Swarm coordination and the news

I read two items within a few minutes of each other, and while they initially seemed unrelated, on reflection it occurred to me that the Era of the Swarm is now well underway.

The first item has to do with coordinating the behavior of heavy machinery. As reported in Technology Review, a company called REGEN Energy is selling wireless units that can attach to machinery and modify their power consumption. What’s nice about it is there is no need for fancy top-down centralized control based on (often mythical) perfect information. Just plug the units in and they can find each other and adopt economizing behavior. A simple example of this is: don’t turn on multiple air conditioners at the same time. That’s the command-and-control version of the rule, though. The decentralized version would go like this: “Does anybody around here mind if I fire up in about ten seconds? ‘Cause I can wait if that’s going to cause a problem.” I don’t know if this particular product will take off, but insect-based reasoning is certainly on the rise.

The second item I read had to do with the behavior of young voters. The question is: how do they find their news? The answer, and the money quote from the article is: “If the news is that important, it will find me.” Rather than getting information from a single all-knowing news source that has access to (often mythical) perfect information, young people are more likely to rely on a network of forwarded links from their friends, Twitter, Facebook, and blogs (ahem).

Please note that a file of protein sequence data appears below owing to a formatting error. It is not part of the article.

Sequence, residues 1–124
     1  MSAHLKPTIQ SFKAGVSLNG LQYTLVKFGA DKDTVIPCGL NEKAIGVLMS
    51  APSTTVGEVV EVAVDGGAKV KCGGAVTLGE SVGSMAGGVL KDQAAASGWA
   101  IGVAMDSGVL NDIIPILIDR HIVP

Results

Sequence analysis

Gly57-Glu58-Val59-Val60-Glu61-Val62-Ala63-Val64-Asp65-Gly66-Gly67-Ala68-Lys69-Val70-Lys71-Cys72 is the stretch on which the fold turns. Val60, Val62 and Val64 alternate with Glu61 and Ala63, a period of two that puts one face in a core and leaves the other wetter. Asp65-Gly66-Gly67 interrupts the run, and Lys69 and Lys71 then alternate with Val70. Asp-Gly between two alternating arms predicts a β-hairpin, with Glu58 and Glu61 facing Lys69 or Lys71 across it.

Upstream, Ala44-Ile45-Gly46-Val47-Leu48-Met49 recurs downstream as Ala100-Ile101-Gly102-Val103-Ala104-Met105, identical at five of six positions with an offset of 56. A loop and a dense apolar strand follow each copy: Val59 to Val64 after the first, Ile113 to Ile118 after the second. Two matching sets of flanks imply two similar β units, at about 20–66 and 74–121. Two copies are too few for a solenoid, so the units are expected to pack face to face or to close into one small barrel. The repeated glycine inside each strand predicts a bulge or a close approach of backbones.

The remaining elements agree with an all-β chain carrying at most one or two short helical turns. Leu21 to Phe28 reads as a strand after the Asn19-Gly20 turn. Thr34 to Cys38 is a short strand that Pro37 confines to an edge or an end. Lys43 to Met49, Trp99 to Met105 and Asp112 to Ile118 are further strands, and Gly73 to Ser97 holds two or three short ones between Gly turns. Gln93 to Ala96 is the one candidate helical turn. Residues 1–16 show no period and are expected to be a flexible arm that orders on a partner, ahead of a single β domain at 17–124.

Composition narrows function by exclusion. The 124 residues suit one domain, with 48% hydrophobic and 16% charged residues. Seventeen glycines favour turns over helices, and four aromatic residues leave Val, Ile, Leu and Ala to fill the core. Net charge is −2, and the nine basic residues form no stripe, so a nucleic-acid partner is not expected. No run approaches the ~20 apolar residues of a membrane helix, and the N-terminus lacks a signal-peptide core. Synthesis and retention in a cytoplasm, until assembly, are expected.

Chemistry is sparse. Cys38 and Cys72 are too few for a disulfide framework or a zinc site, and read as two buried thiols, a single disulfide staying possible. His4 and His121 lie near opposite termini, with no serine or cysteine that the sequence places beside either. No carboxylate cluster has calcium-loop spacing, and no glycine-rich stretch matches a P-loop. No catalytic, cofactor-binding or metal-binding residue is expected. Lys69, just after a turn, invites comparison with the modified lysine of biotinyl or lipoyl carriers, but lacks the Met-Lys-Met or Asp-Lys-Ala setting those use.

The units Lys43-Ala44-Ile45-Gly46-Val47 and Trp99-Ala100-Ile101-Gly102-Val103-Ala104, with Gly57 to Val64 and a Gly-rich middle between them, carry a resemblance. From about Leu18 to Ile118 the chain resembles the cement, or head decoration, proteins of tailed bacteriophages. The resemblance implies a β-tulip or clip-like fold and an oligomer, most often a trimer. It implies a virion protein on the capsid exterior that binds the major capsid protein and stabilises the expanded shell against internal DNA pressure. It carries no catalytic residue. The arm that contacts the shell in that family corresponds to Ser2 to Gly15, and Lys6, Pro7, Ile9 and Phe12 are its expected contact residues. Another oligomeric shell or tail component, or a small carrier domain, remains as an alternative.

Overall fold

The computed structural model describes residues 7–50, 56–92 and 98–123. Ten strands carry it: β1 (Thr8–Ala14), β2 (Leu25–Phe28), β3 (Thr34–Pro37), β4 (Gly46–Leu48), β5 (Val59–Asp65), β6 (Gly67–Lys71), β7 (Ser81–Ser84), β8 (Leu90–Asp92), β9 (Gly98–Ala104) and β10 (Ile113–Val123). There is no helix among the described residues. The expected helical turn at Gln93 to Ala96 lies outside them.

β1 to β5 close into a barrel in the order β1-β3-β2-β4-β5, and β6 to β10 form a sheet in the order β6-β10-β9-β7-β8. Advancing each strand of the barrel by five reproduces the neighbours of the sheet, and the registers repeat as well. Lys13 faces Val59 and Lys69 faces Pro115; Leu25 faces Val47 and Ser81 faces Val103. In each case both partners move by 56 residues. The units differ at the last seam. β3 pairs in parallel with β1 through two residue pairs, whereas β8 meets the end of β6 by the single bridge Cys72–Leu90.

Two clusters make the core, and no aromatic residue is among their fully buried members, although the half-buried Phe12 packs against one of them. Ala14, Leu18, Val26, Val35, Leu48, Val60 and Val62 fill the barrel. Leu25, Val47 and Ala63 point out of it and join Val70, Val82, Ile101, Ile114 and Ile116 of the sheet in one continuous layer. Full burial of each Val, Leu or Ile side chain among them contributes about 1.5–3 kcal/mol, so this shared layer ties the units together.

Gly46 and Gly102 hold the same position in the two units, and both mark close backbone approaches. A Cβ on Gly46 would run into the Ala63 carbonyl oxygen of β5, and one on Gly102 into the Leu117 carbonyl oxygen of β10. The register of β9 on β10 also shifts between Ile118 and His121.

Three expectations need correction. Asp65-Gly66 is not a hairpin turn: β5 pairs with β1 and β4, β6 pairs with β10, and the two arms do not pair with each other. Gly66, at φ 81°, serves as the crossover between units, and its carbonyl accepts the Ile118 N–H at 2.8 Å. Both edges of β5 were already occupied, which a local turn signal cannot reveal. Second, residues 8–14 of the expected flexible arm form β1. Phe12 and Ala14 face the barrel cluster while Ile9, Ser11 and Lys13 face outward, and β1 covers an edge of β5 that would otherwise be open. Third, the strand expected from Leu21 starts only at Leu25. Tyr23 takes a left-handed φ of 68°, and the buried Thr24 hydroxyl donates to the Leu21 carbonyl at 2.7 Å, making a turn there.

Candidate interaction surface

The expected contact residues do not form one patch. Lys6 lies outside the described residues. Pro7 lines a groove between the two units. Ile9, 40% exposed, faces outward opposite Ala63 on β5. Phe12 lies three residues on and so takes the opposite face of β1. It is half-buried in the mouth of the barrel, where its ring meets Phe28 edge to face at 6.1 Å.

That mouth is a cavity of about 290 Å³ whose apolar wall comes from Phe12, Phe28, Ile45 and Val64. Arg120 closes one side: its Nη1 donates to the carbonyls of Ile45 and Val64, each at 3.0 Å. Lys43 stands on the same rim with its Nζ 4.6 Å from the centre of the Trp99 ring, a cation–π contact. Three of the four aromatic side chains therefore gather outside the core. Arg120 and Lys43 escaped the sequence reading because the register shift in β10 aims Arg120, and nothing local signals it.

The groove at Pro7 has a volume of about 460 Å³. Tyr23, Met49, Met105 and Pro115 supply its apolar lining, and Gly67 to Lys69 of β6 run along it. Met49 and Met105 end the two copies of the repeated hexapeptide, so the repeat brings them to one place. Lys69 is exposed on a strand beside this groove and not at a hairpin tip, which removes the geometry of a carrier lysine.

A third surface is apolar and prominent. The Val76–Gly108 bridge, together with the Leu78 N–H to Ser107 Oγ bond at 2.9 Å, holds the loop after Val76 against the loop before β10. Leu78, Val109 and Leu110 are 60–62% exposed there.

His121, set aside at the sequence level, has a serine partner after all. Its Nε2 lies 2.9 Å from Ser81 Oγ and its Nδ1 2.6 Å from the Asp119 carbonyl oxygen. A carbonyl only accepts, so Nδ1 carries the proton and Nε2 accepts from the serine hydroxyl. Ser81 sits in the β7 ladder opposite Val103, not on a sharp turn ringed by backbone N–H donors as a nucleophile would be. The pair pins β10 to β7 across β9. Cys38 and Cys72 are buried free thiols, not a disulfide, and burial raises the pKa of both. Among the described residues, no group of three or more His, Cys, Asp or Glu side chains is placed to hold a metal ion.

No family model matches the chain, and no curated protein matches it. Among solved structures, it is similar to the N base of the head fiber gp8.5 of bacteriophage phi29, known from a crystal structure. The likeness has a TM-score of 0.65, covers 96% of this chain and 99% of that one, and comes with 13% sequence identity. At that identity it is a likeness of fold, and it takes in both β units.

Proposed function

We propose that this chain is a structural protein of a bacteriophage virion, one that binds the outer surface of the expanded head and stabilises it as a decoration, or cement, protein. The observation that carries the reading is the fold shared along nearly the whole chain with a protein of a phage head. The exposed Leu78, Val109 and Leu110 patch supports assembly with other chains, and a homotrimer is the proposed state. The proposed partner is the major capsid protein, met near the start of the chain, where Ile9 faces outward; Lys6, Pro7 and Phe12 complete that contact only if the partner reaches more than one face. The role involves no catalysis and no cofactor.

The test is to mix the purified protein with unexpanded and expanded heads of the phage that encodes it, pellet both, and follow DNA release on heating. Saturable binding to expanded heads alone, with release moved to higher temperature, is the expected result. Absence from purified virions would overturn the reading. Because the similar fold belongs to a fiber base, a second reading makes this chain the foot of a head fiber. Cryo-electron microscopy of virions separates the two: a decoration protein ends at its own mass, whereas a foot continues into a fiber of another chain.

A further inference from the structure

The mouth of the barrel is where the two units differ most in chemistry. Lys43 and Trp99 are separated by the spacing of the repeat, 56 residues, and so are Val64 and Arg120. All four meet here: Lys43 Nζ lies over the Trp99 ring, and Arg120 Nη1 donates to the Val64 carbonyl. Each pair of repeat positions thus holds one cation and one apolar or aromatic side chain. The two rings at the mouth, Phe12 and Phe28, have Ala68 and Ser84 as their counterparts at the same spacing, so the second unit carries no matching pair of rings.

I, for one, welcome our new insect overbrain.

Evolving robots

Read this story and you may well conclude a robot uprising is right around the corner.

Carl Zimmer’s recent post Evolving Robotspeak describes robotics research done by social evolution researcher Laurent Keller in Switzerland. Plenty of folks have used genetic algorithms to “breed” robots, but this is the first time I’ve heard of someone using family and colony models for their genetics. In a nutshell, if you breed individual robots to find virtual food, they quickly get trained to do pretty well. But if you breed them as families, they do even better. To put it in anthropomorphic terms, their intermingled genetics help them understand the value of cooperation.

It’s fascinating to see the genetic theories of social behavior borne out in a colony of robotic organisms. This Darwin guy may have been on to something after all.